I also use Entourage’s Mail List Manager to move email newsletters and other low-priority messages I eventually want to read to my “Bacn” folder. (Bacn is a term that some people are using to describe that class of email that is kind of like spam, except you actually subscribed to it.) I also use the program to mark the message as read, so it doesn’t sit in the folder as unread and tempt me to go read it now.

When I process e-mail, I try to deal with each message only once. I employ a simple rhythm of read, act, read, act—kind of like breathing. With every message, I ask, “Is this message actionable?” If it is, I take one of three actions:

  1. Do it. If the task suggested or required by the message will take less than two minutes, I do it right then and there. This is the primary reason why my to-do list is so short. The key is to learn how to define the next action. This is the antidote to procrastination. Every project is made up of numerous discrete actions. You don’t have to complete the entire project. You just have to identify the next appropriate action and do it.

    If I can’t do the task in two minutes or less, I add it to my to-do list. Currently, I am using iGTD. Is a great program for implementing David Allen’s system. It works well with Entourage, so I can just press an F-key (user-definable), and it will copy an email message to the program and set up a new task.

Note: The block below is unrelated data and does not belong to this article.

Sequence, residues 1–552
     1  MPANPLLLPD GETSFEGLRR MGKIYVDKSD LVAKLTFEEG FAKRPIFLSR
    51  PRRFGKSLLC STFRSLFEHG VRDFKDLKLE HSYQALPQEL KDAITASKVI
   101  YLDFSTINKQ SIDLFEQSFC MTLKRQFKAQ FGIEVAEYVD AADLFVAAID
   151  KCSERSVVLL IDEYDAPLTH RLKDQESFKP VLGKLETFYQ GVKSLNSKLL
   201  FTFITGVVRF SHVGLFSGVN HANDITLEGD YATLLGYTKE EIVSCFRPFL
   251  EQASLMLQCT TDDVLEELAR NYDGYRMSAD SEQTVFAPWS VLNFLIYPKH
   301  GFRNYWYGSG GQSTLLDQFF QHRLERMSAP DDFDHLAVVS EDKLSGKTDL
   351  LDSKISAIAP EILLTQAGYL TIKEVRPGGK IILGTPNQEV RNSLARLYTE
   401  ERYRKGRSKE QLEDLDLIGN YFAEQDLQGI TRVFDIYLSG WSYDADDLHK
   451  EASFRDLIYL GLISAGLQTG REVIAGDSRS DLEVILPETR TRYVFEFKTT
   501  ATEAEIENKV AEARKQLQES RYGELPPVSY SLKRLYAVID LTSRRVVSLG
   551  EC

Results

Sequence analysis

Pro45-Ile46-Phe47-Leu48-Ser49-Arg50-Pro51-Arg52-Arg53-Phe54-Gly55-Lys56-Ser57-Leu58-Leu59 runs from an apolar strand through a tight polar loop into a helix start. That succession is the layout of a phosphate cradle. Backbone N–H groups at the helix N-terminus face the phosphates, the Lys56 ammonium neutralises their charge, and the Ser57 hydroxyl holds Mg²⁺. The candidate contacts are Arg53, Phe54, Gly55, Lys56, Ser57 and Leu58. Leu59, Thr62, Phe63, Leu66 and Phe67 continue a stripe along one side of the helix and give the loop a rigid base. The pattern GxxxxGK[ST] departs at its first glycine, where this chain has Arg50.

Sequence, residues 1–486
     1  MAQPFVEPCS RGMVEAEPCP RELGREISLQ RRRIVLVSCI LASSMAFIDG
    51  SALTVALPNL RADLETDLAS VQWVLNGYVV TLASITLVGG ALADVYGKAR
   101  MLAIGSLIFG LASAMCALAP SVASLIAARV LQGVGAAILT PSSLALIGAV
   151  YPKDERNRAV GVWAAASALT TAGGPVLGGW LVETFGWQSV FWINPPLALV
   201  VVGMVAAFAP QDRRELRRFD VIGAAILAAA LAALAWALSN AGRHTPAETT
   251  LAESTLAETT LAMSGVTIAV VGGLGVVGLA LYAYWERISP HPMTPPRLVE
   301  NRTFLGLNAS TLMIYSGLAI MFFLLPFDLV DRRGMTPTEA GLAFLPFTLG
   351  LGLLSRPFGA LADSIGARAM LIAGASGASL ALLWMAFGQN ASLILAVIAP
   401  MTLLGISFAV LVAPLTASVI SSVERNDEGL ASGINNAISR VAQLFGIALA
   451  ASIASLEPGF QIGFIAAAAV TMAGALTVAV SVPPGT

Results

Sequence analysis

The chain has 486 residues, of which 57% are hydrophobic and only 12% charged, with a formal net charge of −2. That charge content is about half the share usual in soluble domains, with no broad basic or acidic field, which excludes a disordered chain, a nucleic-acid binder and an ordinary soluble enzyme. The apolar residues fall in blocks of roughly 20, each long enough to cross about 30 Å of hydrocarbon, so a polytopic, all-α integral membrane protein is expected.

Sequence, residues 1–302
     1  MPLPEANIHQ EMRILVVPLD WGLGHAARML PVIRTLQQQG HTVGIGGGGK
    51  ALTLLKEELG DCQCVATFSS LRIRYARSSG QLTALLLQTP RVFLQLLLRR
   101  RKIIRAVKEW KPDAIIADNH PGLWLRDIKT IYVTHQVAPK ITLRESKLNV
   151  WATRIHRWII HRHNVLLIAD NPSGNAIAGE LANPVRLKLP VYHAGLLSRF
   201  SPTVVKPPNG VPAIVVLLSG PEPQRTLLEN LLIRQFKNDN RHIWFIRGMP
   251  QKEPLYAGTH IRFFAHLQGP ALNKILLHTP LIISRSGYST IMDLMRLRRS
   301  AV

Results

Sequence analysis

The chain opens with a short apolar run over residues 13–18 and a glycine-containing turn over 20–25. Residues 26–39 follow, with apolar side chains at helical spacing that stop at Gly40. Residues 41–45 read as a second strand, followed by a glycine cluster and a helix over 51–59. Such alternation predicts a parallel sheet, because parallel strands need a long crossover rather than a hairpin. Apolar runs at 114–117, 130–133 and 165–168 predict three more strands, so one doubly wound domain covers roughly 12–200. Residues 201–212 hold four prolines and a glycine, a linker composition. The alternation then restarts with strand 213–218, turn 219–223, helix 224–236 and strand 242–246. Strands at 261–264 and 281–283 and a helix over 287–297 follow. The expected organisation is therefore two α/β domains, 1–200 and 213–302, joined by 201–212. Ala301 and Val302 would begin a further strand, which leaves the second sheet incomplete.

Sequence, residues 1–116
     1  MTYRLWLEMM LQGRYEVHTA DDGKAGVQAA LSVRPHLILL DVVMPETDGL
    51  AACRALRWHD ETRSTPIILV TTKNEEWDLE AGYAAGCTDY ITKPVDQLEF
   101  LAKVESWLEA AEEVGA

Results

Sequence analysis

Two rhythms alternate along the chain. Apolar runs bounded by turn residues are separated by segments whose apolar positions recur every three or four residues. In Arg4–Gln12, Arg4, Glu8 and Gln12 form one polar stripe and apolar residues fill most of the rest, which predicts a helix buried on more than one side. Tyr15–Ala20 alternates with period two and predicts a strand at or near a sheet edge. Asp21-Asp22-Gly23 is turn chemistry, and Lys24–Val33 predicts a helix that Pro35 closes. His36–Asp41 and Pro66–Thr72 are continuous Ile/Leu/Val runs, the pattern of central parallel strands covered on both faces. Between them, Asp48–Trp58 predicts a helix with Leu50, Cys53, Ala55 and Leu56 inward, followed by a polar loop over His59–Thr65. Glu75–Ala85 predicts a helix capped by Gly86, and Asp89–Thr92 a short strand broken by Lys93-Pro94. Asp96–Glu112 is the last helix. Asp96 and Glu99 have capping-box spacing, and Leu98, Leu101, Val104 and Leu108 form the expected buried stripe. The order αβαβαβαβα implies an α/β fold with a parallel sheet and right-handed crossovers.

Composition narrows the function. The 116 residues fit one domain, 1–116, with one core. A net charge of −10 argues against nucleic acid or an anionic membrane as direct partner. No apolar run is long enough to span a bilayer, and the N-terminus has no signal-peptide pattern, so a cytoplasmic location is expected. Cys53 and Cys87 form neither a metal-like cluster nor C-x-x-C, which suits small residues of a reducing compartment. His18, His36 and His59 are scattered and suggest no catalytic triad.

2. Delegate. Often I am not the best one to do the task. If so, then I delegate to someone else. By the way, don’t think that because you don’t have an assistant, you can’t delegate tasks. People delegate to me all the time. Even if you don’t have an assistant you can do this. If you can’t afford to hire an assistant, you should consider a “virtual assistant” as described in Tim Ferris’s excellent book, The 4-Hour Workweek [affiliate link]. I recommend GetFriday.com in Bangalore, India. I have personally used them and found them to be excellent. You can buy ten hours a month for $120 a month. This is more than enough for many people.